The Pack comes to DVD

Monday, 04 July 2011 08:31

“The Pack” is a horror movie that tries to defy classification and expectation within the genre despite containing a fistful of clichés. Lone driver Charlotte picks up a hitchhiker who subsequently disappears at a truck-stop cafe after a disturbing altercation with some unpleasant bikers. Later that night she breaks into the cafe to investigate, and is promptly caught and knocked out by the quirky female owner and her son.

When consciousness returns, Charlotte (Emilie Dequenne - "Brotherhood of the Wolf") finds herself caged inside a grotty farm outbuilding and treated like cattle being fattened for the slaughter. Our heroine is not keen on hanging around to see what terrible fate awaits her, and so she tries to hatch an escape plan with a fellow prisoner. 

The Pack - available now on DVDMeanwhile, something unspeakable is stirring beneath the fields, preparing to feast. Writer-director Franck Richard's debut wrong-foots its audience a number of times in the first half an hour or so, a feat that helps to maintain the audience's interest despite the film's rather relaxed pace.

At first it appears to be about a psychotic hitchhiker, then a movie about misogynistic bikers, or possibly another entry in the torture-porn genre. It makes for an entertaining guessing game until its hand is fully revealed, and even then you are never quite sure where it is going next.

There are very few characters in the film, but those that do feature are generally there for a reason, which is a reason beyond acting as mere cannon fodder. Chief amongst the players is the strangely-monickered 'La Spack' (Yolande Moreau - "Amelie", "Micmacs"), owner of the cafe which also bears her name. She is a large, shambling, middle-aged lady who cheerfully and casually subdues her victims despite her apparently vulnerable demeanour. Her son (Benjamin Biolay) is equally difficult to read, obedient but hinting that he has feelings for Charlotte and might let her out.

Popping in and out of the cafe like some kind of French Columbo is Chinaski (Philippe Nahon - "The Extraordinary Adventures of Adèle Blanc-sec"), apparently an ex-sheriff who smells a rat but whose policing powers have all but deserted him in his advanced years.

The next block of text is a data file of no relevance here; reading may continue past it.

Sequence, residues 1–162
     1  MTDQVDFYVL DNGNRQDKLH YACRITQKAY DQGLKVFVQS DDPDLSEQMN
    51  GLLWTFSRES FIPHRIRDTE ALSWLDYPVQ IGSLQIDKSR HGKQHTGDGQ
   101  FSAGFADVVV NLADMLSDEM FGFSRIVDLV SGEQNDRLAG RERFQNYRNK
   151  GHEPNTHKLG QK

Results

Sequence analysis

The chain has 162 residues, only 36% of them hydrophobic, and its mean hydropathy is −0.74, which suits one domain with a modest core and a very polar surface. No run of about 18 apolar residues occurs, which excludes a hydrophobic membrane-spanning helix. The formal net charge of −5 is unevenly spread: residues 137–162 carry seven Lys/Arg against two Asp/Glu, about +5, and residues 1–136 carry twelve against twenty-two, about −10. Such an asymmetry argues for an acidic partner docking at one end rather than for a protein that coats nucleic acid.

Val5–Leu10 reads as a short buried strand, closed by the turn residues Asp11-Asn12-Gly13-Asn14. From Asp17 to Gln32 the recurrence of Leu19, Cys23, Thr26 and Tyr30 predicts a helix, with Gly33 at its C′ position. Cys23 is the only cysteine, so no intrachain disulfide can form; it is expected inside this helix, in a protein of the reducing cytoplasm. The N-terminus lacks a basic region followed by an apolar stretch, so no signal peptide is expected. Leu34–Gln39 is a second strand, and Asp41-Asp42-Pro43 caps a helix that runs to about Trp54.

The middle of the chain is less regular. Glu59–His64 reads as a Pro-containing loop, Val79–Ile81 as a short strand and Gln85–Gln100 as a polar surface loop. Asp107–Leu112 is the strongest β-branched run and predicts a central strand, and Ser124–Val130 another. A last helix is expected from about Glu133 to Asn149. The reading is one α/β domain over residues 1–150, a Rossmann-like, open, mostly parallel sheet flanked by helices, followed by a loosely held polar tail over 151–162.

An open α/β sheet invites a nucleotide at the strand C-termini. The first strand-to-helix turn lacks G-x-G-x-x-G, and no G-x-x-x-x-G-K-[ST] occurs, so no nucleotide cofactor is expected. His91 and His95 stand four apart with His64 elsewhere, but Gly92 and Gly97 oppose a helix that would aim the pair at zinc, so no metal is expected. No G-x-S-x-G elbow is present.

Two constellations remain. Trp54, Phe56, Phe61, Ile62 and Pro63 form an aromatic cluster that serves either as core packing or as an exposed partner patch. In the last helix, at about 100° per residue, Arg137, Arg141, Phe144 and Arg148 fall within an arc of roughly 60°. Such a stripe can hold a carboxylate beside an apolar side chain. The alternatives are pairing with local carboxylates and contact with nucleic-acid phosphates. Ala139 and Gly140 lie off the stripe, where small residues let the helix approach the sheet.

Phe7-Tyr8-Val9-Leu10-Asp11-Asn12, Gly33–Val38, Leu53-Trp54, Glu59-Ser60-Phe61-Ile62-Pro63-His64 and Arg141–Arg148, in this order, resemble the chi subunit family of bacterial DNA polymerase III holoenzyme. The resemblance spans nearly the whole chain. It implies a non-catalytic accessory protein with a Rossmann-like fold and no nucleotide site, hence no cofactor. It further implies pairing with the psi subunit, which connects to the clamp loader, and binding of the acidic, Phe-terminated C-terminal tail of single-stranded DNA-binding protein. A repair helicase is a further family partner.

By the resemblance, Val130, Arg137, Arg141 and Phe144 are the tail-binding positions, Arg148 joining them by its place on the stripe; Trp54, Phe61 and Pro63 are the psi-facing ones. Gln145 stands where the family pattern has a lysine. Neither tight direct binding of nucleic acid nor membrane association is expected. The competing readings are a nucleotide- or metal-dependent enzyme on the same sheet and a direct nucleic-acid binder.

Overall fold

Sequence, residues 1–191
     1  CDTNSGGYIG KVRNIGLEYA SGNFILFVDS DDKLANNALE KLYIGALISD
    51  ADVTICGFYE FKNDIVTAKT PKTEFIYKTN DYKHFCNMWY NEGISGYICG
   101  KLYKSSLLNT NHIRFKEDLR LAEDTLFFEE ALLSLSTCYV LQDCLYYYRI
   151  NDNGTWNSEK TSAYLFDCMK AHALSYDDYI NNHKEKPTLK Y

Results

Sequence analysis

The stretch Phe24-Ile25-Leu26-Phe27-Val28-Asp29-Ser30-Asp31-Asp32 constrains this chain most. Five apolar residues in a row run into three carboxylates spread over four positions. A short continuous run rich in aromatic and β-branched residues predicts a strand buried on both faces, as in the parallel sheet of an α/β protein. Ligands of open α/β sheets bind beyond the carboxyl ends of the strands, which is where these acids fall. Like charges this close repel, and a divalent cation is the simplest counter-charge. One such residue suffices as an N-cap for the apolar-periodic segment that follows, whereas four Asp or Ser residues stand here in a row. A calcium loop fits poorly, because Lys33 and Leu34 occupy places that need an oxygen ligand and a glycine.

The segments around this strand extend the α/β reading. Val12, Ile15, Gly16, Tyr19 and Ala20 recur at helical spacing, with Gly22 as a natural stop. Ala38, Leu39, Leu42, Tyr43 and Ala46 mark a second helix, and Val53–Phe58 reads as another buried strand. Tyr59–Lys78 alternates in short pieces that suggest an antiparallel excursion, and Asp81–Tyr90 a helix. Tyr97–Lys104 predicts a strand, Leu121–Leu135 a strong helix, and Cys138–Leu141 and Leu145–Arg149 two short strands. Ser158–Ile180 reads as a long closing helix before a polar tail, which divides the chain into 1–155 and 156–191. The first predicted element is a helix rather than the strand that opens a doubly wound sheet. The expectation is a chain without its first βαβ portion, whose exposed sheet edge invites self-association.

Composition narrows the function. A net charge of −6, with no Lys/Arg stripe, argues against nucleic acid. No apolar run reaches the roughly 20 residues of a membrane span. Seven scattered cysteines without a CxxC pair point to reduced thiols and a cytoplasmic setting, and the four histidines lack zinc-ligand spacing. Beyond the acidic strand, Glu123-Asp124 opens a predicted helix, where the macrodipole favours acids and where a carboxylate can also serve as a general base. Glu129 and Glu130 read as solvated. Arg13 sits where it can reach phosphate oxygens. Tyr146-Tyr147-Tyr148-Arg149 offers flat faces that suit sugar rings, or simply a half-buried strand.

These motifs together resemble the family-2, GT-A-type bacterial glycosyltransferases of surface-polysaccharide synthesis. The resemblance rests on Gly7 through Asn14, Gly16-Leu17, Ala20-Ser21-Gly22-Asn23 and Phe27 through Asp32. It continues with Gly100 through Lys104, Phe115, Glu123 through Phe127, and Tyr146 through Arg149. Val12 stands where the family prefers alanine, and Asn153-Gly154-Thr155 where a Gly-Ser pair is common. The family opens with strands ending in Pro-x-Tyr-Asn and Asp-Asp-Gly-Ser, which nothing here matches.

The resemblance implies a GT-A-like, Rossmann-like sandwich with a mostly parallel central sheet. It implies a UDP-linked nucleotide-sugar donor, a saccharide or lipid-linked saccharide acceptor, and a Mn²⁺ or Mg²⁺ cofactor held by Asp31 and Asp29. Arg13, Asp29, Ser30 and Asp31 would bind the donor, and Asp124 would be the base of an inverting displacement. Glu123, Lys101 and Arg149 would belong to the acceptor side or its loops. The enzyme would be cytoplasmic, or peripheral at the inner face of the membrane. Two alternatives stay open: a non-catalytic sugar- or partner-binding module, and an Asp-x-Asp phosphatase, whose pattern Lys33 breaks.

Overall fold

Without wishing to reveal too much more (although the DVD sleeve has already done that job for me!), the creatures, that form the pack of the title are at once innovative, economical and creepy rather than scary. They reminded me of the weevils in Torchwood but with most of their feral aggression removed, replaced with slow, snake-like movement and a certain etherealness. They make up for the slight disappointment when you first see them by getting progressively more eerie.

Whilst most of my observations have thus far hopefully sounded quite positive, the movie does have some major flaws. It is only 75 minutes long (if you exclude six minutes of closing credits), the ending feels rushed and the film really could do with some major jump-shocks or frights to unsettle the viewer more. Like La Spack, the whole enterprise feels way too laid back to scare, though it does emit a quiet sense of confidence so perhaps the intention was to get under the audience's skin by way of subtlety and oddness rather than by falling back on a more traditional break-neck murder-fest.

The only special features on this disc are a trailer and a two-minute featurette on the evolution of the striking artwork on the DVD sleeve. The latter, narrated by artist Graham Humphreys, is enlightening but combined with the short length of the movie itself hardly justifies the relatively steep asking price.

“The Pack” (2010) is out now, courtesy of Icon Home Entertainment. The main feature has a running time of 81 minutes approx, carries an ‘18’ certificate and retails for £15.99, or less from

Last modified on Thursday, 10 May 2012 16:37

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